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How Old Man Plunkett Went Home
by [?]

Later he spoke of his family. The daughter he had left a child had grown into beautiful womanhood. The son was already taller and larger than his father; and, in a playful trial of strength, “the young rascal,” added Plunkett, with a voice broken with paternal pride and humorous objurgation, had twice thrown his doting parent to the ground. But it was of his daughter he chiefly spoke. Perhaps emboldened by the evident interest which masculine Monte Flat held in feminine beauty, he expatiated at some length on her various charms and accomplishments, and finally produced her photograph,–that of a very pretty girl,–to their infinite peril. But his account of his first meeting with her was so peculiar, that I must fain give it after his own methods, which were, perhaps, some shades less precise and elegant than his written style.

“You see, boys, it’s always been my opinion that a man oughter be able to tell his own flesh and blood by instinct. It’s ten years since I’d seen my Melindy; and she was then only seven, and about so high. So, when I went to New York, what did I do? Did I go straight to my house, and ask for my wife and daughter, like other folks? No, sir! I rigged myself up as a peddler, as a peddler, sir; and I rung the bell. When the servant came to the door, I wanted–don’t you see?–to show the ladies some trinkets. Then there was a voice over the banister says, ‘Don’t want any thing: send him away.’–‘Some nice laces, ma’am, smuggled,’ I says, looking up. ‘Get out, you wretch!’ says she. I knew the voice, boys: it was my wife, sure as a gun. Thar wasn’t any instinct thar. ‘Maybe the young ladies want somethin’,’ I said. ‘Did you hear me?’ says she; and with that she jumps forward, and I left. It’s ten years, boys, since I’ve seen the old woman; but somehow, when she fetched that leap, I naterally left.”

He had been standing beside the bar–his usual attitude–when he made this speech; but at this point he half faced his auditors with a look that was very effective. Indeed, a few who had exhibited some signs of scepticism and lack of interest, at once assumed an appearance of intense gratification and curiosity as he went on,–

“Well, by hangin round there for a day or two, I found out at last it was to be Melindy’s birthday next week, and that she was goin’ to have a big party. I tell ye what, boys, it weren’t no slouch of a reception. The whole house was bloomin’ with flowers, and blazin’ with lights; and there was no end of servants and plate and refreshments and fixin’s”–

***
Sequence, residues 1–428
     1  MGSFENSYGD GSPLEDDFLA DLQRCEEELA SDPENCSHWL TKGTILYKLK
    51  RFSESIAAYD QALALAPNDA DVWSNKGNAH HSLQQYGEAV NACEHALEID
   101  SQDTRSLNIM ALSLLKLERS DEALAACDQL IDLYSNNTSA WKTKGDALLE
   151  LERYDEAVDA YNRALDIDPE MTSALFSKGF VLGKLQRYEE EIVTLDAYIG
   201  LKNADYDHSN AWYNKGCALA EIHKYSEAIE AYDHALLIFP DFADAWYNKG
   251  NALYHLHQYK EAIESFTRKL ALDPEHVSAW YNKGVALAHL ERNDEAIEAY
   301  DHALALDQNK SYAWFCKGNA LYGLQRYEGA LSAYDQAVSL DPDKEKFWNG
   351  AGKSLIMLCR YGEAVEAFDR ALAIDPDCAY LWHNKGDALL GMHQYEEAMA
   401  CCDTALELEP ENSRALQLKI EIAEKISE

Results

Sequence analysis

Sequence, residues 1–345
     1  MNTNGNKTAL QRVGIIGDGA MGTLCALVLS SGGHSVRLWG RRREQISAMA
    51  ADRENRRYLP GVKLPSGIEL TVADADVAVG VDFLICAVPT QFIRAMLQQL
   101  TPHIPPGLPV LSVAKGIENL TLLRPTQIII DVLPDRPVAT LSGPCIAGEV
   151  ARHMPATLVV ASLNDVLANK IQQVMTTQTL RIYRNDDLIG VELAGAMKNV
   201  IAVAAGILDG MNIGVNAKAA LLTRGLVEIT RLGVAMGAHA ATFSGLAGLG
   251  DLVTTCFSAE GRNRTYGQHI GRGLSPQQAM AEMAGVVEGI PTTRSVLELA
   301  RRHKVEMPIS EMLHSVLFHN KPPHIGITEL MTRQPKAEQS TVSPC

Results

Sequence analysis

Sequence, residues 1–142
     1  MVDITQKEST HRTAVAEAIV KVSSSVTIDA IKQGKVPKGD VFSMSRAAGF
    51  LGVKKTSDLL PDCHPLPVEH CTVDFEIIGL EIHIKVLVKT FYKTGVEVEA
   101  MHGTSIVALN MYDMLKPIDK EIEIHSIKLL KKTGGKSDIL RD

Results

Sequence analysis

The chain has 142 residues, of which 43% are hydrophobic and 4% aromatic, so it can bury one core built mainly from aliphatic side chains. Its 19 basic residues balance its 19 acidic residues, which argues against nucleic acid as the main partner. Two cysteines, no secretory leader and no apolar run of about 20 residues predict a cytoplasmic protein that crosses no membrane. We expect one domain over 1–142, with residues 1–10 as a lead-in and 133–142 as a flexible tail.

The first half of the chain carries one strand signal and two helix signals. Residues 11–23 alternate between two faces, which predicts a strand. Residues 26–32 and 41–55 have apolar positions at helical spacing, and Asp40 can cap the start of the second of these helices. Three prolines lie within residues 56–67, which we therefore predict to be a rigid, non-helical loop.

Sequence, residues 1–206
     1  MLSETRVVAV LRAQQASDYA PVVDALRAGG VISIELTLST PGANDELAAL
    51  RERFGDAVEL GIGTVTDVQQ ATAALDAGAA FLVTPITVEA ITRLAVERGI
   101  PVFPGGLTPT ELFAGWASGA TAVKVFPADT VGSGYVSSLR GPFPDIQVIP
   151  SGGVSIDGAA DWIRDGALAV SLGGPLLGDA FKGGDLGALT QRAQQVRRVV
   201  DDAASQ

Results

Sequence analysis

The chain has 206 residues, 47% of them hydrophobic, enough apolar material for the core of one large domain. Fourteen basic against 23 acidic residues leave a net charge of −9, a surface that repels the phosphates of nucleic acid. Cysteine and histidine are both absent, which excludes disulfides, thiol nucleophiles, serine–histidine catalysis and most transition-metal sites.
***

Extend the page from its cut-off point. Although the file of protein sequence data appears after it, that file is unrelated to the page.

“Uncle Joe.”


“Where did they get the money?”

Plunkett faced his interlocutor with a severe glance. “I always said,” he replied slowly, “that, when I went home, I’d send on ahead of me a draft for ten thousand dollars. I always said that, didn’t I? Eh? And I said I was goin’ home–and I’ve been home, haven’t I? Well?”

Either there was something irresistibly conclusive in this logic, or else the desire to hear the remainder of Plunkett’s story was stronger; but there was no more interruption. His ready good-humor quickly returned, and, with a slight chuckle, he went on,–

“I went to the biggest jewelry shop in town, and I bought a pair of diamond ear-rings, and put them in my pocket, and went to the house. ‘What name?’ says the chap who opened the door; and he looked like a cross ‘twixt a restaurant waiter and a parson. ‘Skeesicks,’ said I. He takes me in; and pretty soon my wife comes sailin’ into the parlor, and says, ‘Excuse me; but I don’t think I recognize the name.’ She was mighty polite; for I had on a red wig and side-whiskers. ‘A friend of your husband’s from California, ma’am, with a present for your daughter, Miss–,’ and I made as I had forgot the name. But all of a sudden a voice said, ‘That’s too thin;’ and in walked Melindy. ‘It’s playin’ it rather low down, father, to pretend you don’t know your daughter’s name; ain’t it, now? How are you, old man?’ And with that she tears off my wig and whiskers, and throws her arms around my neck–instinct, sir, pure instinct!”